In Hollywood, adult actors are warned not to be upstaged by their child co-stars who nearly universally steal the show. When the setting is the global HIV and AIDS response, however, adults get the lion's share of attention. Shining a brighter spotlight on children would better ensure a happy ending to this particular story. Without doing so, we risk this very vulnerable population being forgotten.
Although great progress has been made, advancements for children in the fight against HIV and AIDS globally continue to lag behind. While even one child suffering is unacceptable, consider that 150,000 children were newly infected with HIV in 2015. In addition, the virus is more virulent in the early stages of life and effective pediatric treatment formulations are significantly behind those developed for adults. Testing is woefully inadequate and only half of the 1.8 million children under the age of 15 living with HIV have access to treatment. The results are devastating - half of all children living with HIV will die before their second birthday.
But those who are infected are not the only ones impacted. Thirty percent of all children born in East and Southern Africa are born into HIV affected families. As of 2013, an estimated 17.7 million children worldwide had lost one or both parents to AIDS. Delays in the development of physical and intellectual abilities can occur even in children who are HIV exposed but uninfected. Emerging evidence suggests that HIV-negative children whose mothers are HIV-positive fare worse than other children and perform less well on cognitive measures.
With the United Nations General Assembly (UNGA) taking place right now, it's interesting to note that, in 2011, at this same event, global leaders made a historic commitment to end HIV infections among children by 2015 (known as the Global Plan). With the end of the Global Plan last year came a new deadline, once again set at UNGA, with the Sustainable Development Goals (SDGs) targeting 2030 as the date by which we will end AIDS as a public health threat. We won't be able to meet this deadline, however, without first reaching all children affected by the epidemic with adequate prevention, treatment, care and support. Without starting and succeeding here, our overall success is put at risk.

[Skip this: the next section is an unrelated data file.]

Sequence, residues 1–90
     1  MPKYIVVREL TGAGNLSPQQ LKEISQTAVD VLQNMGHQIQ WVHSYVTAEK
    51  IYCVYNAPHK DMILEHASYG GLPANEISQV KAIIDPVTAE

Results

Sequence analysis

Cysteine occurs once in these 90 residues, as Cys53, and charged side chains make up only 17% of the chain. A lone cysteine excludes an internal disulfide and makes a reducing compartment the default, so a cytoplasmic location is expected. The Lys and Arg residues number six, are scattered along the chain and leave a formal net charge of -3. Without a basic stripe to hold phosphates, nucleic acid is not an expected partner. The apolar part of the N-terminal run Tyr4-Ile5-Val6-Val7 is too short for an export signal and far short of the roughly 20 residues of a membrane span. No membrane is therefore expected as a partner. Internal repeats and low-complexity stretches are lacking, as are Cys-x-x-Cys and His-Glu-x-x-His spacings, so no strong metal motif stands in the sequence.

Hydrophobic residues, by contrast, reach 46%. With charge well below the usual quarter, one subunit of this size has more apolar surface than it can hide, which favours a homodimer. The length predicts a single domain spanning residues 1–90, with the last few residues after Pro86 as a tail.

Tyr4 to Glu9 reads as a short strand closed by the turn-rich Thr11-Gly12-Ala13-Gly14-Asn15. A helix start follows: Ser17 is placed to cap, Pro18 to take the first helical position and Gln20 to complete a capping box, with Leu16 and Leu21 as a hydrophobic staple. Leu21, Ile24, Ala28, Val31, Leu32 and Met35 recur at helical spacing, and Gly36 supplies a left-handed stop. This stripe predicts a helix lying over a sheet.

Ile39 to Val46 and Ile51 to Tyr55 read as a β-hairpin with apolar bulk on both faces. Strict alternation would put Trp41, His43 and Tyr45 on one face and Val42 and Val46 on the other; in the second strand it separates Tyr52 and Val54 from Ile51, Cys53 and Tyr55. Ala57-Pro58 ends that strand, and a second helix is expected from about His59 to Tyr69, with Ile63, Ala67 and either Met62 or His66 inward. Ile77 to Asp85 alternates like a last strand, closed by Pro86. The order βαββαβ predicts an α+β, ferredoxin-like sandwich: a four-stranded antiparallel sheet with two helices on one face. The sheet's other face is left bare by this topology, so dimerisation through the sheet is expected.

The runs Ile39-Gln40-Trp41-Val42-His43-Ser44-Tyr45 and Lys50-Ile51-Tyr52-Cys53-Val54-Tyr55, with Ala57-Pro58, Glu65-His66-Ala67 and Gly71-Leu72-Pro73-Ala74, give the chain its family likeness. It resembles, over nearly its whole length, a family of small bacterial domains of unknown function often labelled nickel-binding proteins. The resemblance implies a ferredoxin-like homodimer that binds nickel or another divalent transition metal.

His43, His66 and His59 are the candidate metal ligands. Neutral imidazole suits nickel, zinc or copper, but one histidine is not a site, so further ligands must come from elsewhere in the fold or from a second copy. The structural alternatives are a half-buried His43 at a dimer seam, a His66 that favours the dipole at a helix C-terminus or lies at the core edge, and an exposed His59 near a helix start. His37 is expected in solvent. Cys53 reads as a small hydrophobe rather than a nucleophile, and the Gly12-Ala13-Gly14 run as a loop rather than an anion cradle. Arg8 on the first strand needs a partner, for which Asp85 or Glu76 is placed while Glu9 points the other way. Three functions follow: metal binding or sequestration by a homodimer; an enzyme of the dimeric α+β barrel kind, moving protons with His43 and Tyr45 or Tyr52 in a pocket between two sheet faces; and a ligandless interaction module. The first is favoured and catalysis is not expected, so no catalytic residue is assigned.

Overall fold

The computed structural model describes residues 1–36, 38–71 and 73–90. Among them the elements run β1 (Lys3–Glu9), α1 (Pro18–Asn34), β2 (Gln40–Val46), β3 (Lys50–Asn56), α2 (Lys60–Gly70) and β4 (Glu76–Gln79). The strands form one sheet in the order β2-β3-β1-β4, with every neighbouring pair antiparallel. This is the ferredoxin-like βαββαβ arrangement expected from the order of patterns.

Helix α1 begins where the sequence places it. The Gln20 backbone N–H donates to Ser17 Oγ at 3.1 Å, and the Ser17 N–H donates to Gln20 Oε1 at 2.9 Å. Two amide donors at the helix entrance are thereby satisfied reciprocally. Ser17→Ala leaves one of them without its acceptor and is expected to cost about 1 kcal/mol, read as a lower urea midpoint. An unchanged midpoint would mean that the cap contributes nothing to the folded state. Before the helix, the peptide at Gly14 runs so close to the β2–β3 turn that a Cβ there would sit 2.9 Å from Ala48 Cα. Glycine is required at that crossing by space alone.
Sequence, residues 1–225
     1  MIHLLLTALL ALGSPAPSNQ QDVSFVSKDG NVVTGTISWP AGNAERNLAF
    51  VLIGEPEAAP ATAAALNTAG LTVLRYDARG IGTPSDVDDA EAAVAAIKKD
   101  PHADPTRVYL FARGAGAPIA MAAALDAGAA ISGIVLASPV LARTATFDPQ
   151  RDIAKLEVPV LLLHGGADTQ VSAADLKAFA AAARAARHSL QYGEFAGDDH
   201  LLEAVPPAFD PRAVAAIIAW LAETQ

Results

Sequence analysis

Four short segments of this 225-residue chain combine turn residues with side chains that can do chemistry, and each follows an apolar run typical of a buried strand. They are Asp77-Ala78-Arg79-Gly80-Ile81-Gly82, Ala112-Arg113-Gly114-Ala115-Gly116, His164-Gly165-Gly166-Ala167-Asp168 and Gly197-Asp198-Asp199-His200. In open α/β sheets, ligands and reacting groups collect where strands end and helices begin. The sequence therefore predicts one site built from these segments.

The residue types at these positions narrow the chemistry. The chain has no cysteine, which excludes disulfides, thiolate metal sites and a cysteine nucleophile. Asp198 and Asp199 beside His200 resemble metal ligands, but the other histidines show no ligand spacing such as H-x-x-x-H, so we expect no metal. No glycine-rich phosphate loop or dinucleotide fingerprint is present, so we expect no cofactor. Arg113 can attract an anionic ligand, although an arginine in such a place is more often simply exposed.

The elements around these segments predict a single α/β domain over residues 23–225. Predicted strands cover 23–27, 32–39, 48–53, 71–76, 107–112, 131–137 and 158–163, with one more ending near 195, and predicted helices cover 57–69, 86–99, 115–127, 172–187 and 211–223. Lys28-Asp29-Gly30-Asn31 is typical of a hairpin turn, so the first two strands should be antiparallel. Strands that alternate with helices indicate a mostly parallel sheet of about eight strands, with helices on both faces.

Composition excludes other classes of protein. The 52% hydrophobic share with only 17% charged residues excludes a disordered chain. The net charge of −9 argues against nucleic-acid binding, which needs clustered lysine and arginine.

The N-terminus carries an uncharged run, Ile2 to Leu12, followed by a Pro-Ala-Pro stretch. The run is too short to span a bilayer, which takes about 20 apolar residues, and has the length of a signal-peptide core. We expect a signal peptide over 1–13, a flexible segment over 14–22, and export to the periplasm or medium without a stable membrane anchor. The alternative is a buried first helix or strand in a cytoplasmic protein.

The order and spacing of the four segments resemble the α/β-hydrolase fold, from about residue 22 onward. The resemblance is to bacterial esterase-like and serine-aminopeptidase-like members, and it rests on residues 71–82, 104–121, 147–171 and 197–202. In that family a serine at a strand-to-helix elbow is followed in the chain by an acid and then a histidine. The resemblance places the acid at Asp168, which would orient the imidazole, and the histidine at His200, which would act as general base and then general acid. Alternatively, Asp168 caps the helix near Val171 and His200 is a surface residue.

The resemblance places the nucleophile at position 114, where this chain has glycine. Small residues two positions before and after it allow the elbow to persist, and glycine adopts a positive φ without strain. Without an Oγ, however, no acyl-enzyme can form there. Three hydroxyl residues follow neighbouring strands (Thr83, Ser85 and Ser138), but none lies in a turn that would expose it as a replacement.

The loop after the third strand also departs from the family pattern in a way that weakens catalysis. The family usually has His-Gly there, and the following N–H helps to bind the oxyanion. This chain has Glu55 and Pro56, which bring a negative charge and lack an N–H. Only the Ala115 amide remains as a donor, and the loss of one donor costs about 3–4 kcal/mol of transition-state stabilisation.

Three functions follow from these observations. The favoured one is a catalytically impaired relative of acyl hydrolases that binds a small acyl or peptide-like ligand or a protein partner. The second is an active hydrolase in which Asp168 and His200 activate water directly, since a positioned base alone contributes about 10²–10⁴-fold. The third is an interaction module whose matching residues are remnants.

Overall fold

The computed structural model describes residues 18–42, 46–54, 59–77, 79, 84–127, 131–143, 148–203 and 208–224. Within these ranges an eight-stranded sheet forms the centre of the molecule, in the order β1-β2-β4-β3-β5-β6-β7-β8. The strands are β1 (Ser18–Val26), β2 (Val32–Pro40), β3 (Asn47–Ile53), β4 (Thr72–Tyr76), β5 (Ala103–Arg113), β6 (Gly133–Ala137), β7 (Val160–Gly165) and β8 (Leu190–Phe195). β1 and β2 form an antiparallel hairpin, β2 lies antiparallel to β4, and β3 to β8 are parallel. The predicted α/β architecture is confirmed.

But there are encouraging signs on the horizon.
This past summer, at the United Nations High Level Meeting on HIV and AIDS (HLM) and, later, at the AIDS 2016 Conference (AIDS 2016), there was a greater focus placed on children than in previous years. The Political Declaration coming out of the HLM highlighted the need for, among other things, eliminating mother-to-child transmission and increased attention to early child development. The Start Free, Stay Free, AIDS Free initiative, rolled out at AIDS 2016, seeks to further fast track efforts by dramatically reducing the number of children newly infected with HIV to less than 20,000 by 2020 and aggressively increasing the number of children on treatment to 1.6 million by 2018.
It is heartening to see this level of dialogue around children. However, discussions, plans and declarations are only a jumping off point. In order to be more than simply rhetoric, they must be backed by urgent action. We need to hold our governments and ourselves accountable to keeping these commitments. We will not reach our 2030 SDG deadline without ensuring children start life free of HIV and AIDS and that they stay free as they age into adolescence and become healthy adults. This is an absolutely essential milestone on the road to defeating the epidemic.
The gains made thus far are fragile and could well be reversed if we do not put and keep children in the spotlight. We must not let children be upstaged in the global response to HIV and AIDS.
This post is part of a series produced by The Huffington Post to mark the occasion of the one-year anniversary of the adoption of the Sustainable Development Goals (SDGs, or, officially, "Transforming Our World: the 2030 Agenda for Sustainable Development"). The SDGs represent an historic agreement -- a wide-ranging roadmap to sustainability covering 17 goals and 169 targets -- but stakeholders must also be held accountable for their commitments. To see all the posts in the series, visit here.